By now everyone knows about the Banksy artwork, Girl with Balloon, that sold for $1.4 million at Sotheby's and promptly began to self destruct upon sale. I'm not even going to show a picture of the piece here because I'm so steamed by the whole thing. I've been toying about writing about it for a while, but have been reluctant to do so, but I can hold my tongue, or fingers, no longer!
There are things about this issue that make me want to tear my hair out, but that's not the point of this post. This is a critical look at what the heck is going on that allows this type of thing to happen.
Subversive behaviour in art, artists thumbing their nose at the art world, the critics, galleries, museums, etc., isn't new. This Banksy guy didn't invent it. Artists have been provoking the art world for ages. In 1917, Marcel Duchamps created Fountain, a urinal basically placed on its back and remounted on a pedestal to convey his disdain for the art world's judgments about the quality of work being based more on hype and money rather than quality.
Here's what gets me, I too, am frustrated by the art world at times. It does appear that quality is often judged more by the sizzle than the steak, so to speak. I get that. But what exactly does biting the hand that feeds accomplish and isn't that exactly what Banksy did? Let's be real here, as artists, especially when we get to a certain level, we rely on critics, galleries, museums, etc., to provide us with a venue in which to show and market our work. They are, for better or worse, still the gatekeepers to the upper echelons of the so-called art world. If it were me, after this last stunt, this shredder business, I'd stop dealing with him altogether. I mean, can you imagine how horrified the buyer was, after paying all that money to see the piece literally destroying itself? I have collectors that freak out if a painting is delayed a day in shipping, delayed, fully in tact, but delayed by the post office. Or how initially nervous Sotheby's would have been, terrified that their credibility was somehow now hanging in the balance? In any event, if the will existed, the art world could freeze him out, black ball him, you know like they do in Hollywood when someone becomes so distasteful that to even utter their name in hushed tones is verboten (think Mel Gibson, Michel Richards, Roseanne). If no one will market his work, his antics don't mean a whole lot do they. I mean, it's just like when a toddler throws a tantrum, once you finally ignore the bad behaviour, it eventually extinguishes itself. Yeah, freeze him out!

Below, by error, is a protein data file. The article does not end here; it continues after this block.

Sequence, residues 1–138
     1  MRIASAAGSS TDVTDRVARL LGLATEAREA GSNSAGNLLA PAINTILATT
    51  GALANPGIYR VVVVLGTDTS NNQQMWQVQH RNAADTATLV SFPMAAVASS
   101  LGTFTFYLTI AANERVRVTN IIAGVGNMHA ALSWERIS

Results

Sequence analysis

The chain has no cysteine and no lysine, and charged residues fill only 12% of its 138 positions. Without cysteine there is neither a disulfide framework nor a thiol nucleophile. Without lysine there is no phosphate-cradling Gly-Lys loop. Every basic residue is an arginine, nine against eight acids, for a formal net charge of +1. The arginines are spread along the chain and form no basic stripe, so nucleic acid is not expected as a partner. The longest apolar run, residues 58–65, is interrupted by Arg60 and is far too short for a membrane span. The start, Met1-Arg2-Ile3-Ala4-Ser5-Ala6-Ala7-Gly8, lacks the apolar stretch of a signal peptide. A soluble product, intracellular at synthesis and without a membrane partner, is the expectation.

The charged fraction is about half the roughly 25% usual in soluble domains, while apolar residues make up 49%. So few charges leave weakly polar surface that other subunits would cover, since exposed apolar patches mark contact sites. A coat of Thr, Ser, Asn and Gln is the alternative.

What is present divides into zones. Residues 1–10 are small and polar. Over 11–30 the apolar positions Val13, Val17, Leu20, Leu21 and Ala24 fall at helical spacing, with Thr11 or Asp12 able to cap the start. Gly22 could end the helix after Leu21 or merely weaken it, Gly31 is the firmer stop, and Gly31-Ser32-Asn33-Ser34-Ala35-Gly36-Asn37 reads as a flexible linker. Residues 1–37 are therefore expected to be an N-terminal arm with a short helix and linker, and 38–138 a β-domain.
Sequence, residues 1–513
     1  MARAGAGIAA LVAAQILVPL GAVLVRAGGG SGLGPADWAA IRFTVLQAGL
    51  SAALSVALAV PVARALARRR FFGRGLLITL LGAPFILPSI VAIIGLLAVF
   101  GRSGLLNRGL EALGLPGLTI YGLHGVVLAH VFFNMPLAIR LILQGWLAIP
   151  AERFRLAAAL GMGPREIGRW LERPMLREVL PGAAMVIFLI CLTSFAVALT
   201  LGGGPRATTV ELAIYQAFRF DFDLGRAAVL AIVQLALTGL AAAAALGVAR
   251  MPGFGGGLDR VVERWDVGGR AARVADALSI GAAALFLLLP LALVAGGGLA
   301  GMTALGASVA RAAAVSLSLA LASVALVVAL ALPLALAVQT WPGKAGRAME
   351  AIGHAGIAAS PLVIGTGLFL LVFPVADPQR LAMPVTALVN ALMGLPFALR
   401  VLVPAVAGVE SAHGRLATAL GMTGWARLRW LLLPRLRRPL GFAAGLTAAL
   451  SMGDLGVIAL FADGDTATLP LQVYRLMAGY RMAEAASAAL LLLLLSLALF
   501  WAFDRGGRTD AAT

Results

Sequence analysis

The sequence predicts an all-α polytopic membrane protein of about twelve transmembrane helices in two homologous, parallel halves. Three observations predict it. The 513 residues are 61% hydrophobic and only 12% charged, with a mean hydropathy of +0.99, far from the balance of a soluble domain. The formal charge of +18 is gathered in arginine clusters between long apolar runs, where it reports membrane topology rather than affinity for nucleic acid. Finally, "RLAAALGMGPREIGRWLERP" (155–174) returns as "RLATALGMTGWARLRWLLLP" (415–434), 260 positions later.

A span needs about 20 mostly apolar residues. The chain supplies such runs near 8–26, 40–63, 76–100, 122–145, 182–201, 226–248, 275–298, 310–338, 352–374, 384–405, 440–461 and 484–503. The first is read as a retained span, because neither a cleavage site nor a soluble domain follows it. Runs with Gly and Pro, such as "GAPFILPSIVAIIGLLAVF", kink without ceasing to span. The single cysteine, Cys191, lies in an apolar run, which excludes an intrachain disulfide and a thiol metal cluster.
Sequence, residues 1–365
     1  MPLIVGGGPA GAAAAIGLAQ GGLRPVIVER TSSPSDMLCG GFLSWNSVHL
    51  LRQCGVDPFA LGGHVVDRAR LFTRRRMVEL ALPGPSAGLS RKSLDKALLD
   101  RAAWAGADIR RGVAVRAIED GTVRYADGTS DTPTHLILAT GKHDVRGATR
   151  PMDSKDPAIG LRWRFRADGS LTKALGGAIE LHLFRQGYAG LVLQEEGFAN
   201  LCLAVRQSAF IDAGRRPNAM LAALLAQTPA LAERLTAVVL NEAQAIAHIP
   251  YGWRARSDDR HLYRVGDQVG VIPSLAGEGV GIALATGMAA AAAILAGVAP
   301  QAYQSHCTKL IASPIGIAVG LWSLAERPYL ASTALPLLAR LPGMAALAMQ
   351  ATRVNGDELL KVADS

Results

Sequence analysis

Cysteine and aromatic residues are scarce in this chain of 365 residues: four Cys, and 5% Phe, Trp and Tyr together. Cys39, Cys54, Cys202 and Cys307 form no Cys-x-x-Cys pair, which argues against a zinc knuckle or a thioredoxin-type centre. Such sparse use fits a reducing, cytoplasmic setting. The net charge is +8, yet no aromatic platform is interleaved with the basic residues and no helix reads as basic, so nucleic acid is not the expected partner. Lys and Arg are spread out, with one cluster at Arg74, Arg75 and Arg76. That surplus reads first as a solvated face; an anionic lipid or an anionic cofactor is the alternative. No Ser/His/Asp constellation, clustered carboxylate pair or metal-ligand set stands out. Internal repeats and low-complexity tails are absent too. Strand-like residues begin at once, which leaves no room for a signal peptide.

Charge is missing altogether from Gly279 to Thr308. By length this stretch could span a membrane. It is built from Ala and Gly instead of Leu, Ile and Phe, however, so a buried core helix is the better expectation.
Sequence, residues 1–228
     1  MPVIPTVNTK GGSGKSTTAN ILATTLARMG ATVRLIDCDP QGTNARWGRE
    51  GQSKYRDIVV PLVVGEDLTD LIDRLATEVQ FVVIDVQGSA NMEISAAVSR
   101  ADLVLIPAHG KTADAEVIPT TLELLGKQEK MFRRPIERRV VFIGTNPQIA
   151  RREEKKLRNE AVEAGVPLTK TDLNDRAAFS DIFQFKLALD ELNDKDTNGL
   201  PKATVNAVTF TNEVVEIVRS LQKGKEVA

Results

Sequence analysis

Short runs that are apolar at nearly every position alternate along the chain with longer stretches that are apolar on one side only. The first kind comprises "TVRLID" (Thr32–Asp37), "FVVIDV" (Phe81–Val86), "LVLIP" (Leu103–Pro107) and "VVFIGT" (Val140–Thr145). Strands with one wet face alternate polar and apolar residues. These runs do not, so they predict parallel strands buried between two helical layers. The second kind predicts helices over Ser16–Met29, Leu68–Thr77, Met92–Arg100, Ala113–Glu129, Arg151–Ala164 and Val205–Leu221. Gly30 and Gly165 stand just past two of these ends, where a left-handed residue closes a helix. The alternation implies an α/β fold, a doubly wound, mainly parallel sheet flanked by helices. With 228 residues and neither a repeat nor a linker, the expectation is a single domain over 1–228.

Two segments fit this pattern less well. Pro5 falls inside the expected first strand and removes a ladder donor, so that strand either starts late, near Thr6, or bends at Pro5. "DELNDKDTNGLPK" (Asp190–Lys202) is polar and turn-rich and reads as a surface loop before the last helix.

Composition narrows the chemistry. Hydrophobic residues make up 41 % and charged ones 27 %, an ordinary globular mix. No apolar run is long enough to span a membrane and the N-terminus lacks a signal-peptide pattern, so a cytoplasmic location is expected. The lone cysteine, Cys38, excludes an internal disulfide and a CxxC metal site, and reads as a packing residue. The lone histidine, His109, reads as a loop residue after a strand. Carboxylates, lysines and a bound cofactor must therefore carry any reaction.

Great idea, right? Sure, in theory, but it won't happen. The machine is too big and it's self feeding. The art world as a collective will never freeze him out. Why? Because they exist, like any other business, to make money. They have to make money to survive, so where there's hype and where there's a potential to turn a profit, they're there. Even if there was some sort of pact to black ball him, one eventually would cave and deal with him again because the lure of the dollar is just too great. And you know what? Banksy knows this. He knows full well he's got them by the throat ( I wanted to say something else, but I'm trying to keep it clean). If he had thought there was any chance, even the slightest one, that this would ruin his career, that the cheques would stop rolling in, I seriously doubt he'd have done it. Don't be fooled, he's no more thumbing his nose at the art world than I am a medical doctor! This was a stunt and he is feeding the hand that feeds, not biting it. The stunt creates more hype, so more people talk about it and more people are interested in his work and it can increase in value, then there will be bigger cheques for all, the machine continues to eat! It's kinda like complaining that your boss is a jerk, but continuing to go into work every day, smile and cash those paycheques. Are you really protesting that hard?
In the final analysis, although I really hate the truth of this, I'm not sure whether to hate Banksy or shake his hand for pulling off the best and most ingenious marketing ploy in recent history.